According to Othim, the coronavirus pandemic highlighted the need to rebuild the social organization of care, and only feminist economic models can reduce women's time spent on care, provide social protection, and enforce tax justice that allows states to provide public care services that enable women to participate in other political and social activities. Progressive reform of the tax system, Othim said, includes an end to tax havens and tax abuses, as well as the establishment of a global tax body.

Progressive reform of the tax system includes an end to tax havens and tax abuses, as well as the establishment of a global tax body.

Kate Donald, Program Director of the Center for Economic and Social Rights (CESR), presented the report "A Rights-Based Economy," connecting this proposal to the Beijing Platform for Action. In a rights-based economy built as a counter position to the current neoliberal model, success is not individual, but means providing a dignified life, solidarity instead of competition, and respecting the limits of the planet, promoting economic and environmental justice. In this sense, care provided by the State is at the center of the model and is not considered as a commodity or privilege, explained Donald, who presented a video on this proposal.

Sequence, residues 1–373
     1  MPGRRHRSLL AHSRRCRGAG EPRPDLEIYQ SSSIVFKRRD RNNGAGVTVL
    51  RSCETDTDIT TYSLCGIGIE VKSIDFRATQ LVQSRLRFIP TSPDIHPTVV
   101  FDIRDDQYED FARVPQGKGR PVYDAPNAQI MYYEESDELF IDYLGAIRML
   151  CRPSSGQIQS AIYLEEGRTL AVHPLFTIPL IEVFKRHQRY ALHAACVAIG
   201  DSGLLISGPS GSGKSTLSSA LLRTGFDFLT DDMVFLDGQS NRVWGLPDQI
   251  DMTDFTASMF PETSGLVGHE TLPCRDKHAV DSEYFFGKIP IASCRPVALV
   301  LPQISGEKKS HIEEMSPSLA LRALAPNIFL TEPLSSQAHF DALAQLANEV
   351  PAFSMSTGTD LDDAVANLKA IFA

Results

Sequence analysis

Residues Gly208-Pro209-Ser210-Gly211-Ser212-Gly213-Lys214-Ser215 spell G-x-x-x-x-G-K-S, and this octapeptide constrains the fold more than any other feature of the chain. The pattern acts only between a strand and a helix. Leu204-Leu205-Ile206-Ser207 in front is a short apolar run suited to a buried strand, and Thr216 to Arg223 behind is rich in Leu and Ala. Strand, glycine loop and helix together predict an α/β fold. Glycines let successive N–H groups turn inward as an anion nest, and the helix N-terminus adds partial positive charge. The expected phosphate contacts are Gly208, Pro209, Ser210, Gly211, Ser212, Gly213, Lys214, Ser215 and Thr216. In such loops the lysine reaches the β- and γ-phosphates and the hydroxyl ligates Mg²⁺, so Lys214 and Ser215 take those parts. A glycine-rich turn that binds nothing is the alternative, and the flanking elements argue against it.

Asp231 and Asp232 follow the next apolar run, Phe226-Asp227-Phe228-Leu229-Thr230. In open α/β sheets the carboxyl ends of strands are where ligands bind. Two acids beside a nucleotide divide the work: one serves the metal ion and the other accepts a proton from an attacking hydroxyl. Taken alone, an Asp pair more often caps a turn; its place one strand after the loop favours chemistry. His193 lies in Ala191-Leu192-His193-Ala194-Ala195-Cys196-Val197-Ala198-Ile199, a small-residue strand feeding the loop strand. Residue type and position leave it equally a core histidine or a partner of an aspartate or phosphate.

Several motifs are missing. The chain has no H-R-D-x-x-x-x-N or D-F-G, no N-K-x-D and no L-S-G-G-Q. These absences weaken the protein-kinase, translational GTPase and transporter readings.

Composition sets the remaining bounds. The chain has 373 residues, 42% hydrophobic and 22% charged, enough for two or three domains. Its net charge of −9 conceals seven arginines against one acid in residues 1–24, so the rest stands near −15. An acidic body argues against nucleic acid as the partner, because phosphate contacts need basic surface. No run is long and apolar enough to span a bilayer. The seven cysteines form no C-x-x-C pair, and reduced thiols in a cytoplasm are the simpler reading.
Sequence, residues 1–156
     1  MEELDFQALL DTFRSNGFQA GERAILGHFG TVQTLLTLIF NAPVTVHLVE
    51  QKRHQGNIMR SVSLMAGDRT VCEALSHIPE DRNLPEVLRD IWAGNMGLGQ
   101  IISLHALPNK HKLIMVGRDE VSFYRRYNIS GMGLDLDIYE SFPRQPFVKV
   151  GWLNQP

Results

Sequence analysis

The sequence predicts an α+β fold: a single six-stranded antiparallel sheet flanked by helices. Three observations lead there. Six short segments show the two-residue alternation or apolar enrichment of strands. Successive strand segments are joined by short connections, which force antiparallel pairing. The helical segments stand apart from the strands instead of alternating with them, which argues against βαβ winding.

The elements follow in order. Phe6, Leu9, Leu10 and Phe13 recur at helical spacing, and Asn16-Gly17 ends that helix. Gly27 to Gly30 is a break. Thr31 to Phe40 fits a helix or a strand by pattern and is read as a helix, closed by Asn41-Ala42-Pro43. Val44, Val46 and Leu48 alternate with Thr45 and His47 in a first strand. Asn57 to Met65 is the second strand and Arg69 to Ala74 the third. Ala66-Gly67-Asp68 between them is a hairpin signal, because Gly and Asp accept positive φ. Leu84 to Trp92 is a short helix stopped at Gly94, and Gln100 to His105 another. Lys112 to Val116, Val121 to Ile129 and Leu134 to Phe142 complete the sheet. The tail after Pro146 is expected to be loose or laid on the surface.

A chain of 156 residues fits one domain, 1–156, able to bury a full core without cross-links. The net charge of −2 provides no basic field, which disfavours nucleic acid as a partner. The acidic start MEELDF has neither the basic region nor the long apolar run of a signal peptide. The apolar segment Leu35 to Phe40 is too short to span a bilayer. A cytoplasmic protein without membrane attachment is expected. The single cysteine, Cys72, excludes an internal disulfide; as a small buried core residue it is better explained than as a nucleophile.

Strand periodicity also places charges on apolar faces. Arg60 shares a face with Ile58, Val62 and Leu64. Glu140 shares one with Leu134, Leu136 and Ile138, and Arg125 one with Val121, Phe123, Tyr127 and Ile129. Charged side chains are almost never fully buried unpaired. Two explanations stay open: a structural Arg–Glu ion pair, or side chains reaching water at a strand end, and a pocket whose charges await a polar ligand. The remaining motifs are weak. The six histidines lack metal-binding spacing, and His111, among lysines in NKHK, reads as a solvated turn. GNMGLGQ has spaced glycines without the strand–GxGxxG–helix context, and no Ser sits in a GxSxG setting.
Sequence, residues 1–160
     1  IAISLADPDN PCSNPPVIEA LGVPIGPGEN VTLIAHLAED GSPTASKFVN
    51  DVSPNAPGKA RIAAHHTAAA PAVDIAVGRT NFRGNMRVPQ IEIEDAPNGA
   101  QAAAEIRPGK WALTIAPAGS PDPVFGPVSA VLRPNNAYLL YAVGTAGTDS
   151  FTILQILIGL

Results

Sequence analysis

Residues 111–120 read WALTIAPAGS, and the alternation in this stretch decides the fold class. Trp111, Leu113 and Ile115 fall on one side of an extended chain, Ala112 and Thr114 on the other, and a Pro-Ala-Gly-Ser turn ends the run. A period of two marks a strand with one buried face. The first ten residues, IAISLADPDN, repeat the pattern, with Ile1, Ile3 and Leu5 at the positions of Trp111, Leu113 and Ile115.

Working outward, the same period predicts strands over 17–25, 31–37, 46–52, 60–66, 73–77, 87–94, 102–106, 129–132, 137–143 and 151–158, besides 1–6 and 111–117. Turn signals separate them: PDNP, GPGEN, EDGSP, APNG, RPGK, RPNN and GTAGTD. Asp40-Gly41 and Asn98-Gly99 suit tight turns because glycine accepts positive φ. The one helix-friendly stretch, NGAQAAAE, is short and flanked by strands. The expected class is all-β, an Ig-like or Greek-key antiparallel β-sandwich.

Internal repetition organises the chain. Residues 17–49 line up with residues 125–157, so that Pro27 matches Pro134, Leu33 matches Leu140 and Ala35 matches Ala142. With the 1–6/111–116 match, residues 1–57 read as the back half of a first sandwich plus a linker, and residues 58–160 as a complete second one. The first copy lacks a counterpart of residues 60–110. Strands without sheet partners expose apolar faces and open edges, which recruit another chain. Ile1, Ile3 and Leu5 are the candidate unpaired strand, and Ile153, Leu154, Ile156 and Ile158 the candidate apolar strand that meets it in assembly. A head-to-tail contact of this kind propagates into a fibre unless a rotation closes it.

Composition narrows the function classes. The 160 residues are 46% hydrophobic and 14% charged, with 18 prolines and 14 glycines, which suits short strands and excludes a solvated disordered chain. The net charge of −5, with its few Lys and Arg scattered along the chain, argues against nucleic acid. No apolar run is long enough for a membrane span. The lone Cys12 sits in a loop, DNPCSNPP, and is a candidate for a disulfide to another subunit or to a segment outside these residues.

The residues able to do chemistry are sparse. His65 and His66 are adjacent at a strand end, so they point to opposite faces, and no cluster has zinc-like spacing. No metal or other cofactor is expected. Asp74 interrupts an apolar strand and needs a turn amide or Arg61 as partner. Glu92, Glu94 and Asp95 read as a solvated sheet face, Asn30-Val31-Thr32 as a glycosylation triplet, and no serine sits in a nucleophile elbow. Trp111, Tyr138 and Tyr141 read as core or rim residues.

Neelanjana Mukhia, Action Aid's Director of Global Engagement, presented the report "Who cares for the future". She analyzed the impact of the new debt crisis caused by the pandemic in the Global South, resulting from the conditionalities imposed by international financial institutions such as the International Monetary Fund (IMF), as well as the negative effects of regressive macroeconomic fiscal policies on women's paid and unpaid work and, by extension, on the fulfillment of a wide range of women's rights. According to Mukhia, many governments are spending more on debt service payments than on health and education. Eighty percent of low and middle-income countries, will not be able to increase the number of public workers, thus making a rebuilding of the social organization of care impossible.

PSI’s Global Equality Officer, Verónica Montúfar concluded the meeting by synthesizing the main issues addressed during the webinar and emphasized the need to build a global movement that makes it possible to think about the transformation of the dominant discourses and to make the human right to care become a reality.